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C++ vector: removing duplicates

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Hi, removing duplicates works fine with a simple vector int:

std::vector<int> vec;
std::sort(vec.begin(), vec.end());
vec.erase(std::unique(vec.begin(), vec.end()), vec.end());


But I am not able to figure out how to do the same when you have a vector pointing to a structure, like this:

std::vector<myObjects::myObjectLib> vec;
std::sort(vec.begin(), vec.end());
vec.erase(std::unique(vec.begin(), vec.end()), vec.end());

typedef struct {
int ID;
float X;
float Y;
float Z;
} myObjectLib;

I get several compilation errors like this:
/Developer/SDKs/MacOSX10.5.sdk/usr/include/c++/4.0.0/bits/stl_heap.h:216:0 /Developer/SDKs/MacOSX10.5.sdk/usr/include/c++/4.0.0/bits/stl_heap.h:216: error: no match for 'operator<' in '__first. __gnu_cxx::__normal_iterator<_Iterator, _Container>::operator+ [with _Iterator = myObjects::myObjectLib*, _Container = std::vector<myObjects::myObjectLib, std::allocator<myObjects::myObjectLib> >](((const ptrdiff_t&)((const ptrdiff_t*)(& __secondChild)))).__gnu_cxx::__normal_iterator<_Iterator, _Container>::operator* [with _Iterator = myObjects::myObjectLib*, _Container = std::vector<myObjects::myObjectLib, std::allocator<myObjects::myObjectLib> >]() < __first. __gnu_cxx::__normal_iterator<_Iterator, _Container>::operator+ [with _Iterator = myObjects::myObjectLib*, _Container = std::vector<myObjects::myObjectLib, std::allocator<myObjects::myObjectLib> >](((const ptrdiff_t&)((const ptrdiff_t*)(&(__secondChild - 1l))))).__gnu_cxx::__normal_iterator<_Iterator, _Container>::operator* [with _Iterator = myObjects::myObjectLib*, _Container = std::vector<myObjects::myObjectLib, std::allocator<myObjects::myObjectLib> >]()'

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Hi, removing duplicates works fine with a simple vector int:

std::vector<int> vec;
std::sort(vec.begin(), vec.end());
vec.erase(std::unique(vec.begin(), vec.end()), vec.end());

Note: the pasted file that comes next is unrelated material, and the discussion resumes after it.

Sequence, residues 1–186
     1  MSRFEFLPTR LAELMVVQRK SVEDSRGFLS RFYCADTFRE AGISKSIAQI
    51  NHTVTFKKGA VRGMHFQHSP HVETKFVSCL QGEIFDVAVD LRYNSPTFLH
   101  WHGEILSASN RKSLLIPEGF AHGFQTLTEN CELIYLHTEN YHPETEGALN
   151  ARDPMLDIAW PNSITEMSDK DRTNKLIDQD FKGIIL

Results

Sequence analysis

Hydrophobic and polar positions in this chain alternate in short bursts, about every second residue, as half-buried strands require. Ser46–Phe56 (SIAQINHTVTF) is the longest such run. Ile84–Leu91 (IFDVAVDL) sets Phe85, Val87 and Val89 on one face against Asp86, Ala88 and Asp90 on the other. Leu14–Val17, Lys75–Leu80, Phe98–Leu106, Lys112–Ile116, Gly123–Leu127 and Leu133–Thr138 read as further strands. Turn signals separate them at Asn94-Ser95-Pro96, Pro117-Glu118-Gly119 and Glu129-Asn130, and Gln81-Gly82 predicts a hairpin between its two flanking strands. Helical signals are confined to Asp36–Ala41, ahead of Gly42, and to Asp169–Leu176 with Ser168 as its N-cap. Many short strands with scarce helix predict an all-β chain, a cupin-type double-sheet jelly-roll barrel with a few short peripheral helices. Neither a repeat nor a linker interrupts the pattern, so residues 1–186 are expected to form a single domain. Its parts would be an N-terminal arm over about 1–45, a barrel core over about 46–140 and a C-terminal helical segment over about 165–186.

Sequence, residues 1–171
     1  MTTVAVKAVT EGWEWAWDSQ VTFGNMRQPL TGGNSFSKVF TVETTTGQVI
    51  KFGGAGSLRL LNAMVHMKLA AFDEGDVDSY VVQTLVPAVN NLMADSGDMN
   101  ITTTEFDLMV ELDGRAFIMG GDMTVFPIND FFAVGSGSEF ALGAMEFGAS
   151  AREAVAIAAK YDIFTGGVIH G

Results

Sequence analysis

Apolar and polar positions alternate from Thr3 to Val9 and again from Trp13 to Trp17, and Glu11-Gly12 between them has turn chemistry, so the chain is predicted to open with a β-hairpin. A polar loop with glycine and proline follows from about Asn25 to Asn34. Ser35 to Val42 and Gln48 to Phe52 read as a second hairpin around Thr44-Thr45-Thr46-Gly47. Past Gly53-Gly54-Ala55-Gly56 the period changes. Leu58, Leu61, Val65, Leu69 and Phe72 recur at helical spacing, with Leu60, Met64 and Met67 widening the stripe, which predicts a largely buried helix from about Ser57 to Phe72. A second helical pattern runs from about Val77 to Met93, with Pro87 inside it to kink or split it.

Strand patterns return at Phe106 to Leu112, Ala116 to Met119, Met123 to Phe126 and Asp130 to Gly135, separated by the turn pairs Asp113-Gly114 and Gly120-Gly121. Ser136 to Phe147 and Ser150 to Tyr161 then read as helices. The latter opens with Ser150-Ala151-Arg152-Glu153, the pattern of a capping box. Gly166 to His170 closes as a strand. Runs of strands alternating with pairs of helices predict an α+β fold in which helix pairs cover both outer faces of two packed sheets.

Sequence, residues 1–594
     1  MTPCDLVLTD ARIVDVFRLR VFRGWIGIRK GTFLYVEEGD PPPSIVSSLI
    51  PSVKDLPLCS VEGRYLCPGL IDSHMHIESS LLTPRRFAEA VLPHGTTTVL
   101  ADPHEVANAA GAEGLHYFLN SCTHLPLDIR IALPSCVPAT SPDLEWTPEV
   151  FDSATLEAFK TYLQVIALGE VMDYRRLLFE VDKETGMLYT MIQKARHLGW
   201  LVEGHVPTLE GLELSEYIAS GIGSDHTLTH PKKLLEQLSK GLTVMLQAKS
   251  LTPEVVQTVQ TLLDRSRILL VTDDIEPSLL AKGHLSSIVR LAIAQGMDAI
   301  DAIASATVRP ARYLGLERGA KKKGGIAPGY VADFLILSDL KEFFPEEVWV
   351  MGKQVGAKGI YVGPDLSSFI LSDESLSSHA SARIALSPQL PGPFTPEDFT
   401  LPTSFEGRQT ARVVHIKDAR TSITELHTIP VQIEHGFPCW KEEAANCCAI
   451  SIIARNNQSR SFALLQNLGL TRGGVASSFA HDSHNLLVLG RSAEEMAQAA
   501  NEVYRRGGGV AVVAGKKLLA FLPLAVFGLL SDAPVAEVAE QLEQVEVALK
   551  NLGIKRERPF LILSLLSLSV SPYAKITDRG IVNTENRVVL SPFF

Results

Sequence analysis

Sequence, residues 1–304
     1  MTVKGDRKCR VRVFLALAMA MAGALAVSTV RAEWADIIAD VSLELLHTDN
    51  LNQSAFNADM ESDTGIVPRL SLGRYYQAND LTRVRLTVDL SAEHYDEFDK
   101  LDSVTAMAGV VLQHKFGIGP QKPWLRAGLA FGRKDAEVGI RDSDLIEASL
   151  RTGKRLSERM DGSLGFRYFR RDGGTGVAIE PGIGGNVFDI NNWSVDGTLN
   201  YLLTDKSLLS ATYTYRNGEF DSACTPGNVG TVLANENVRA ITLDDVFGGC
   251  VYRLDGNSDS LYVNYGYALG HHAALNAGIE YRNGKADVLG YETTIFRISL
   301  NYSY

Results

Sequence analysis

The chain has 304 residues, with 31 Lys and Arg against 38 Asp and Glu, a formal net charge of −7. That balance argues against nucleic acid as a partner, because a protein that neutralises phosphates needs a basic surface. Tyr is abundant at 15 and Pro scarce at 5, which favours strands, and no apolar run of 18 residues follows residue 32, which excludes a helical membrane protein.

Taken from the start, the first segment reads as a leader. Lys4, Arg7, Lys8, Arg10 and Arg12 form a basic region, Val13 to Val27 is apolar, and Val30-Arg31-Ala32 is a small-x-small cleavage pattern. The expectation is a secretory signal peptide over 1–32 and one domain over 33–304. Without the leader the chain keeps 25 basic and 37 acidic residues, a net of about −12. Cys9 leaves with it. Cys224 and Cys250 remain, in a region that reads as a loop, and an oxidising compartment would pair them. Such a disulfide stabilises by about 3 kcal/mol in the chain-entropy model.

But I am not able to figure out how to do the same when you have a vector pointing to a structure, like this:

std::vector<myObjects::myObjectLib> vec;
std::sort(vec.begin(), vec.end());
vec.erase(std::unique(vec.begin(), vec.end()), vec.end());

typedef struct {
int ID;
float X;
float Y;
float Z;
} myObjectLib;

I get several compilation errors like this:
/Developer/SDKs/MacOSX10.5.sdk/usr/include/c++/4.0.0/bits/stl_heap.h:216:0 /Developer/SDKs/MacOSX10.5.sdk/usr/include/c++/4.0.0/bits/stl_heap.h:216: error: no match for 'operator<' in '__first. __gnu_cxx::__normal_iterator<_Iterator, _Container>::operator+ [with _Iterator = myObjects::myObjectLib*, _Container = std::vector<myObjects::myObjectLib, std::allocator<myObjects::myObjectLib> >](((const ptrdiff_t&)((const ptrdiff_t*)(& __secondChild)))).__gnu_cxx::__normal_iterator<_Iterator, _Container>::operator* [with _Iterator = myObjects::myObjectLib*, _Container = std::vector<myObjects::myObjectLib, std::allocator<myObjects::myObjectLib> >]() < __first. __gnu_cxx::__normal_iterator<_Iterator, _Container>::operator+ [with _Iterator = myObjects::myObjectLib*, _Container = std::vector<myObjects::myObjectLib, std::allocator<myObjects::myObjectLib> >](((const ptrdiff_t&)((const ptrdiff_t*)(&(__secondChild - 1l))))).__gnu_cxx::__normal_iterator<_Iterator, _Container>::operator* [with _Iterator = myObjects::myObjectLib*, _Container = std::vector<myObjects::myObjectLib, std::allocator<myObjects::myObjectLib> >]()'


You need to specifiy a way to sort your objects.

try:


bool customCompare(myObject::myObjectLib obj1, myObject::myObjectLib obj2) {
return obj1.ID<obj2.ID;
}

std::sort(vec.begin(), vec.end(),customCompare);



If you want the sorting to work differently you can change the comparison function.

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std::sort() requires that operator< be defined your type or that you pass it a comparison function. std::unique() likewise requires that operator== be defined your type or that you pass it a comparison function. One admissible set of functions would be:

bool operator<(const myObjectLib & lhs, const myObjectLib & rhs) {
if (lhs.ID < rhs.ID) return true;
if (lhs.ID > rhs.ID) return false;
if (lhs.X < rhs.X) return true;
if (lhs.X > rhs.X) return false;
if (lhs.Y < rhs.Y) return true;
if (lhs.Y > rhs.Y) return false;
return lhs.Z < rhs.Z;
}

bool operator==(const myObjectLib & lhs, const myObjectLib & rhs) {
return (lhs.ID == rhs.ID) && (lhs.X == rhs.X) && (lhs.Y == rhs.Y) && (lhs.Z == rhs.Z);
}

However, given that your structure contains floating point variables this may or may not do what you want or expect.

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[size="5"]EDIT: no, that doesn't work, I tried with a larger number of items and duplicates are still there. I suppose I did something wrong... :angry:


Thanks for your suggestions, that worked just fine:

bool customCompare(myObjects::myObjectLib obj1, myObjects::myObjectLib obj2){
if (obj1.X==obj2.X && obj1.Y==obj2.Y && obj1.Z==obj2.Z) return true; //I just need to compare X,Y,Z
else return false;
}

bool operator==(const myObjects::myObjectLib & lhs, const myObjects::myObjectLib & rhs) {
return (lhs.X == rhs.X) && (lhs.Y == rhs.Y) && (lhs.Z == rhs.Z);
}


In the main() I call:

std::sort(myObject.begin(), myObject.end(),customCompare);
myObject.erase(std::unique(myObject.begin(), myObject.end()), myObject.end());


When I debug the output, the duplicates are indeed removed.